Dilxat Raxit, spokesman for the World Uyghur Congress, told RFA’s Mandarin Service that the Kashgar, Hotan and Aksu prefectures of southern Xinjiang were crawling with military police on patrol or staffing temporary outposts to monitor the Uyghurs.

Contacted by RFA’s Uyghur Service by telephone, a police officer in Kashgar’s Yopurgha county said: “It is not ok to talk about the July 5 event that happened 10 years ago. There is nothing to investigate and dig up.”

But in Tokuzak Bazaar in Hotan, a policeman told RFA that while security was always tough there, extra measures were taken on the anniversary, which falls on a Friday, the Muslim prayer day.

“There has not been any softening in our security measures. We stand at the ready on every day and every hour,” the policeman said.

“The only thing we did differently on this July 5th is visit every family member and check the homes of the people who were in Urumqi during the July 5th Urumqi unrest. We also investigated if anybody visited their families and if there are any unusual sentiments among the family members of those people sentenced to jail in relation to July 5,” he told RFA.

A policeman in Hotan’s Ilchi township said families in his district have been interrogated in the days around July 5.

“Our focal point is whether July 5 is on their memories and, if so, what kinds of memories do they have.”

The police work of visiting families has in the past year “decreased a bit because all the key families in the watch list are in training,” he said.

“Training” is China’s euphemism for the detention camps, where up to 1.5 million Uyghurs and other Muslim ethnic minorities accused of harboring “strong religious views” and “politically incorrect” ideas have been held since April 2017.

Beijing has asserted that the facilities are vocational training schools that provide vocational training for Uyghurs, discourage radicalization and help protect the country from terrorism.

‘Sad anniversary’

Reporting by RFA’s Uyghur Service and other media organizations, however, has shown that those in the camps are detained against their will and subjected to political indoctrination, routinely face rough treatment at the hands of their overseers, and endure poor diets and unhygienic conditions in the often overcrowded facilities.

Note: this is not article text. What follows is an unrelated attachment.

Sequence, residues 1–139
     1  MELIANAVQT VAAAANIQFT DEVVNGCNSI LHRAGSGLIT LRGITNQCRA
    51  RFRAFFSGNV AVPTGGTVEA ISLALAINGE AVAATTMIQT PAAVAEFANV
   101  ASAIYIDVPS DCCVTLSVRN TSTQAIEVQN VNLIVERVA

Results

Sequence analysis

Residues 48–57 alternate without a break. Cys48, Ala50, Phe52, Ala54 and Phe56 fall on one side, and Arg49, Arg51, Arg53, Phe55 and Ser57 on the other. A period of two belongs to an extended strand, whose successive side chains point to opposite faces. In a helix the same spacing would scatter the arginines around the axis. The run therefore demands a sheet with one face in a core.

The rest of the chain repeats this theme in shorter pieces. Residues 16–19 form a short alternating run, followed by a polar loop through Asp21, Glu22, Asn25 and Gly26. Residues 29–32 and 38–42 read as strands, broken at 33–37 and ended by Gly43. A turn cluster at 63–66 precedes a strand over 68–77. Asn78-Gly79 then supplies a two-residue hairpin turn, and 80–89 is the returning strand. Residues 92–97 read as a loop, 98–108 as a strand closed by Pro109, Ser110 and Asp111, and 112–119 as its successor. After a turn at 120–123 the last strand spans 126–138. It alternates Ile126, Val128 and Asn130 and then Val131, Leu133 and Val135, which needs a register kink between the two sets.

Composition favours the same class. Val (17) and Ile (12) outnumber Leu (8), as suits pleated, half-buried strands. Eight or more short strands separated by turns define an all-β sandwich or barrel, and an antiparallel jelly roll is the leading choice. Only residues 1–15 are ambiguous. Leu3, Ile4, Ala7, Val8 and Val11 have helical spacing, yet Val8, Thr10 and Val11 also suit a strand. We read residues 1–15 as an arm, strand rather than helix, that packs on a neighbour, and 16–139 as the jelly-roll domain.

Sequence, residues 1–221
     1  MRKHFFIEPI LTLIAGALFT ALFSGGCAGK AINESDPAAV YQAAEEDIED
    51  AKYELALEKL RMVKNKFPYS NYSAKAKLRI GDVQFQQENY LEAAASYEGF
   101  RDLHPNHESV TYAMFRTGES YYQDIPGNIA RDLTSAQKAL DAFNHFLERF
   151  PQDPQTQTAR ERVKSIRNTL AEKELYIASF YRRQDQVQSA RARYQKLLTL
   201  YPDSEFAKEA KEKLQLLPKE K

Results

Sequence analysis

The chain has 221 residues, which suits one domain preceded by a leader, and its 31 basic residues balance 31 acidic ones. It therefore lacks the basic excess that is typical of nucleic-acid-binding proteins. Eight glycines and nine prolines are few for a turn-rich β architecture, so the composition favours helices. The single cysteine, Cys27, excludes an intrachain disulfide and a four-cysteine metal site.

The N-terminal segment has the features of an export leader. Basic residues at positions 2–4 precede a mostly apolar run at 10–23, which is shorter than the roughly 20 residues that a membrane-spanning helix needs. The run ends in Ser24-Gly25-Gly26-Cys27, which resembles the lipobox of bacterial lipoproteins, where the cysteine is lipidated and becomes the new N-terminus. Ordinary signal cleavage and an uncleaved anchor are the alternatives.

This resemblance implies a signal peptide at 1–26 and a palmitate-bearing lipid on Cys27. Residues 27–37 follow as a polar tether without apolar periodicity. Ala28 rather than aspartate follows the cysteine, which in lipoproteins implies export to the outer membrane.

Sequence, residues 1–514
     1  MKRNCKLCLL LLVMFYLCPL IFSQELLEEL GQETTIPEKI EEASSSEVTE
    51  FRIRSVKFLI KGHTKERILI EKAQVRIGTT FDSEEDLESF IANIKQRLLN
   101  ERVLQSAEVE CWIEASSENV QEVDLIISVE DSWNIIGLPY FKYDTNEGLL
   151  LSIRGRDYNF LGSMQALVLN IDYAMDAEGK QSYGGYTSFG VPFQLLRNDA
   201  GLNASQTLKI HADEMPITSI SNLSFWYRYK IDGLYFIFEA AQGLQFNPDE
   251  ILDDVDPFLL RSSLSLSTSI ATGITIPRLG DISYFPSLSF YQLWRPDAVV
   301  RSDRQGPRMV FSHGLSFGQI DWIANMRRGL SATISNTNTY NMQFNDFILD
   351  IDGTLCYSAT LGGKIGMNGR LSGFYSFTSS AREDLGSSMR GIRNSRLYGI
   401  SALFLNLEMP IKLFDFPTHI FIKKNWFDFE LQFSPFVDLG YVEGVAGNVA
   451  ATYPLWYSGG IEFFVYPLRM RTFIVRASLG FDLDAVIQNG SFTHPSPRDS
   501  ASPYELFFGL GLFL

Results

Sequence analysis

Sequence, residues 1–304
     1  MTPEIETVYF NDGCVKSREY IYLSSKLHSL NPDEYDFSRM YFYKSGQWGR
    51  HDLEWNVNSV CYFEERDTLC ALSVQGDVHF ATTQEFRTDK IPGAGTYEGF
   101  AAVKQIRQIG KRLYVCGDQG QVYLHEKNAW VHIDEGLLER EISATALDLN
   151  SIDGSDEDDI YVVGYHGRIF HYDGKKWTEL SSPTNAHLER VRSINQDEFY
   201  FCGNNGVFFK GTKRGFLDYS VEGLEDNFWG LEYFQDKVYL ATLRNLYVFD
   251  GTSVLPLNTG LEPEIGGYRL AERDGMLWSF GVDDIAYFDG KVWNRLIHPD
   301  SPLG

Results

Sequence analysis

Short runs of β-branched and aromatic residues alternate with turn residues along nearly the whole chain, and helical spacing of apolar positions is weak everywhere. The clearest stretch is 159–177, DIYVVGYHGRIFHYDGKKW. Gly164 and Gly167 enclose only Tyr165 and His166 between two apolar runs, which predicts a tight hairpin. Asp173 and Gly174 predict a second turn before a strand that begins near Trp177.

Many experts agree that the violence in Urumqi and ensuing repression in the XUAR prompted a turn toward hardline policies toward the Uyghurs.

“For the Uighurs, the crackdown meant the end of any hope that the Chinese authorities might heed their call to redress mounting grievances over economic marginalization and political and cultural repression,” wrote Gershman.

“And for the Chinese government, it signaled the urgent need to intensify repression of the Muslim Uighur minority, which it justifies in the name of fighting terrorism,” he added.

Gershman said China’s set of policies directed at the Uyghurs “constitute the most comprehensive system of population control and oppression anywhere in the world today.”

Ilshat Hesen, president of the Uyghur American Association, told RFA that the scale of loss and suffering in the XUAR have grown dramatically in the past 10 years.

“Uyghur people should remember that 10 years ago, after the July 5 massacre, there was one mother named Patigül Ghulam searching for her disappeared son after the round up, but today tens of thousands of Uyghur mothers are searching for their disappeared sons,” he said.

In Washington, U.S. Representative Jim McGovern and Senator Marco Rubio, who head the Congressional-Executive Commission on China (CECC), used the anniversary to reiterate a call on the Trump administration to match criticism of Chinese actions in Xinjiang with action.

“For the last year, we have urged the Administration, without success, to take actions to hold Chinese officials and businesses accountable for what may constitute crimes against humanity in the XUAR. The rhetoric has been tough, but it’s not enough given the egregious scope of abuses,” the lawmakers wrote in a statement.

“On this sad anniversary, we reiterate that call to hold Chinese officials accountable. The Chinese government has operated with impunity in the XUAR for far too long.”

Reported by Mamatjan Juma, Shohret Hoshur, Kurban Niyaz and Ekrem Hezim for RFA's Uyghur Service.  Translated by Mamatjan Juma. Written in English by Paul Eckert and Joshua Lipes.